More than 750,000 people traveled from China into the United States in the months that the coronavirus pandemic was surging in China.
ABC News launched an investigation into why the coronavirus pandemic got so bad in the U.S., seemingly overnight, when they discovered robust international air travel into the country. According to the report, travelers were still able to enter the U.S. despite a travel ban put into effect by President Trump.
ABC News reports:
Travel data of passengers arriving in the United States from China during the critical period in December, January, and February, when the disease took hold in that country, shows a stunning 759,493 people entered the U.S.
“This is an astonishing number in a short period of time, illustrating how globalized our world has become. Just as people can hop continents with amazing ease, the infections they carry can too,” said Dr. Vinayak Kumar, an internal medicine resident at the Mayo Clinic and a contributor to the ABC News Medical Unit.
According to the report, the likely destinations for these individuals include New York, Seattle, or Los Angeles. ABC News reports the travelers “could have gone anywhere in the U.S.” after their arrival.
Dr. Vinayak Kumar, a Mayo Clinic internal medicine resident and member of the ABC News Medical Unit, said easy and casual international travel contributes to the spread of the coronavirus.
“This is an astonishing number in a short period of time, illustrating how globalized our world has become. Just as people can hop continents with amazing ease, the infections they carry can too,” Kumar said.
“I think this was bound to eventually happen,” he said. “The high volume of international travel, the lack of screening, the inconsistent hand-washing and cough control … these laid down the perfect conditions for a disease to spread. Add that to a virus that is both largely asymptomatic and has a prolonged infectious period, and you have got a perfect storm of factors for a pandemic.”
Globalization has changed the game in infectious disease. We can travel anywhere in the world within 24 hours… and so can the infections we carry.
— Vinayak Kumar, MD, MBA (@VinayakKumarMD) April 2, 2020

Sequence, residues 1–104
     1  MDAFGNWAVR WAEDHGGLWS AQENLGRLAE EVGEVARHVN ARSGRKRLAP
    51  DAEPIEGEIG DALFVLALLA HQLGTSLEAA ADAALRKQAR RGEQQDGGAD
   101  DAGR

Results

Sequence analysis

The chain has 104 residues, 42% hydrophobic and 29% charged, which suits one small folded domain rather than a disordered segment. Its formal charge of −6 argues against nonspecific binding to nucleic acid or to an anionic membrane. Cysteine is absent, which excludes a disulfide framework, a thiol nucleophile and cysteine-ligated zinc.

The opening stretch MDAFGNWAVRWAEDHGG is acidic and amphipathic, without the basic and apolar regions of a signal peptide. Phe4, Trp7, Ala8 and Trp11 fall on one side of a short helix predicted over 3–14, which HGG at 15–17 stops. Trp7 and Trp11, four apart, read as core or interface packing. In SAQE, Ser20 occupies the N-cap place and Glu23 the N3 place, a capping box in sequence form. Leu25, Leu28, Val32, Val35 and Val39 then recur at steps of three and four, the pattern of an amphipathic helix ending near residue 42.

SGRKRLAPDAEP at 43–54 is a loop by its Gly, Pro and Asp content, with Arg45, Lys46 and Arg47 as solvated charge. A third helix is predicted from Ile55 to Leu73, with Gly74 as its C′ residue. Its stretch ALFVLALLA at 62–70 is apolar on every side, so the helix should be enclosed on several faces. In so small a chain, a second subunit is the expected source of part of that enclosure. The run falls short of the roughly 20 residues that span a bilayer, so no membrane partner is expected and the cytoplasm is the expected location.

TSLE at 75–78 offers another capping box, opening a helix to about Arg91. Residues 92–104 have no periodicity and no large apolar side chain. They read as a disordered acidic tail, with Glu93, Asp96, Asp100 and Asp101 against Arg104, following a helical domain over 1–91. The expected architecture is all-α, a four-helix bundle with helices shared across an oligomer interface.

Dr. Simone Wildes, a South Shore Health infectious disease specialist, similarly described the number of international travelers as “clearly alarming.”
“The numbers are clearly alarming,” Wildes said according to ABC News. “It shows that globalization is here, and we have to be better prepared to deal with the impact this will have on all our lives in so many ways.”
Wildes continued: “It is difficult to estimate the portion of travelers coming from China to the U.S. with COVID-19, but fair to speculate that a large number might have been infected at the time of travel.”
The 759,493 people that came from China were joined by millions of more travelers from other countries. At least 343,402 people came from Italy during this span; 418,848 people came from Spain and 1.9 million people came from Britain. ABC News reports these countries have been crippled by the coronavirus.
Dr. Todd Ellerin, the South Shore chief of Infectious Disease at South Shore Health, said even early travel bans were too late to stop the international spread.
“The United States banned travel to China 12 days after the world heard there was an outbreak of severe pneumonia in Wuhan. The problem was, it was too late,” Ellerin said per the report. “Even though there had only been 12 confirmed cases in the U.S. on the day President Trump announces the travel ban, the reality was there were many more unconfirmed cases.”
The report adds:
President Donald Trump restricted travel from China effective Feb. 2, which likely saved lives. But by the time the president acted, much of the damage had already been unleashed, and some 18,000 Americans returned home from China in February and March, after the restrictions were in place. It’s unclear how intensive, if at all, the screening was for the Americans coming home at that point.
John Brownstein, an epidemiologist at Boston Children’s Hospital, said the spread of the coronavirus through international travel was “not new.”
“We’ve seen this with H1N1, SARS, Zika. We should have had the infrastructure to prepare for this. And we didn’t, Brownstein said.
“There was a lack of recognition that a coronavirus emerging in a market in Wuhan could be at our door in a matter of months. Now that it’s hitting the U.S., for the first time really, people are aware of the interconnection and risk,” he added.